United Kingdom / Coronavirus Insights
The Return of Domestic Tourism

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by Krasimir Dinev, Industry Analyst
Jul 10 2020

In recent years, domestic tourism in the United Kingdom has been rising, fueled by the low value of the pound and rising temperatures making UK weather more pleasant for holidaying and exploring the country. In 2018, domestic tourism, or staycations, outweighed outbound tourism and a study by hotel operator Travelodge from 2018 concluded that the United Kingdom is a ‘staycation nation’. According to the national tourism agency VisitBritain, British residents took a record 60.5 million staycations in 2019, spending just under £14.5 billion. During the current year, the COVID-19 (coronavirus) pandemic has caused significant disruption to the economy, with tourism being one of the most affected sectors. The tourism industry came to a standstill following government-imposed social distancing measures and restrictions on non-essential travel, with the United Kingdom entering lockdown on 23 March 2020 in a bid to limit the spread of the coronavirus. Operators in the Hotels, Holiday Accommodation and Caravan and Camping Sites industries have faced huge implications, having to temporarily cease operations and effectively not generate any revenue. According to forecasts from VisitBritain from 30 June, domestic tourism spending in England is expected to decline by 48% over 2020 compared with the previous year, representing a decline of £36.8 billion.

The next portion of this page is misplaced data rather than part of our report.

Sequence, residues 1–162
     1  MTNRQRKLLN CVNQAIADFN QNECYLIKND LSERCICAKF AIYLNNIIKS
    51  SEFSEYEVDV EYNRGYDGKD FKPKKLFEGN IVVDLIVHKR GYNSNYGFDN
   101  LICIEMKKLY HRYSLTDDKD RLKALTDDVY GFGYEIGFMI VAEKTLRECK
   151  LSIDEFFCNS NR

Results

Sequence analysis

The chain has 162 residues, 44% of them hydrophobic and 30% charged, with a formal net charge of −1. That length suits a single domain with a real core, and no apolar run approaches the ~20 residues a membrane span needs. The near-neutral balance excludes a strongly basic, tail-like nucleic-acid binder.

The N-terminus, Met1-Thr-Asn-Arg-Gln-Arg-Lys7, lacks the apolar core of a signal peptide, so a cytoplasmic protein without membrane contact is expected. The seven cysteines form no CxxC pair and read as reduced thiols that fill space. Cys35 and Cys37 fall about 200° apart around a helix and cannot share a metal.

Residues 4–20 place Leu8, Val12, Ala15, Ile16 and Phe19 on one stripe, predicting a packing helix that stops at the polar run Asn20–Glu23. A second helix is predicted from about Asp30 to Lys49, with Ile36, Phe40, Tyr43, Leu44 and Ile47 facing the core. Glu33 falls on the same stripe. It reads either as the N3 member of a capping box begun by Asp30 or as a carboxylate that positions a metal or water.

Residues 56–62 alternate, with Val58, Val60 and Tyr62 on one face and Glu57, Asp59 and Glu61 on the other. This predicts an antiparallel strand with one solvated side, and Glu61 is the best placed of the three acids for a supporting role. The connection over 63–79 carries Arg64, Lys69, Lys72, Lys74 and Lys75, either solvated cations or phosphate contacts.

Demand surge

In a breath of fresh air for the battered tourism industry, holiday accommodation reopened from 4 July in England and 3 July in Northern Ireland, and has be announced to be reopening from 15 July in Scotland and 13 July in Wales. The domestic tourism industry will therefore be open in time for the summer season, when it is usually the busiest. Since opening dates were announced, many accommodation operators reported a surge in traffic and bookings due to pent-up demand. Holiday rentals portal HomeAway stated that Devon, Cornwall and Norfolk have benefited from the highest demand. Meanwhile, campsite booking website coolcamping.com reported a 750% increase in traffic compared with the previous year and Hoseasons, a luxury lodge specialist, announced a year-on-year sales rise of 270%. At the same time, hotel chain Best Western recorded bookings increase of 700% between 22 June to 26 June and Harbour Hotels reported web traffic increase of 210%. According to global hotel consultancy HVS, 60% of UK hotel demand comes from domestic sources and, as many UK residents are likely unwilling to holiday abroad, domestic hoteliers are benefiting and this may even help some stay in business until international tourism picks up again.

Hospitality support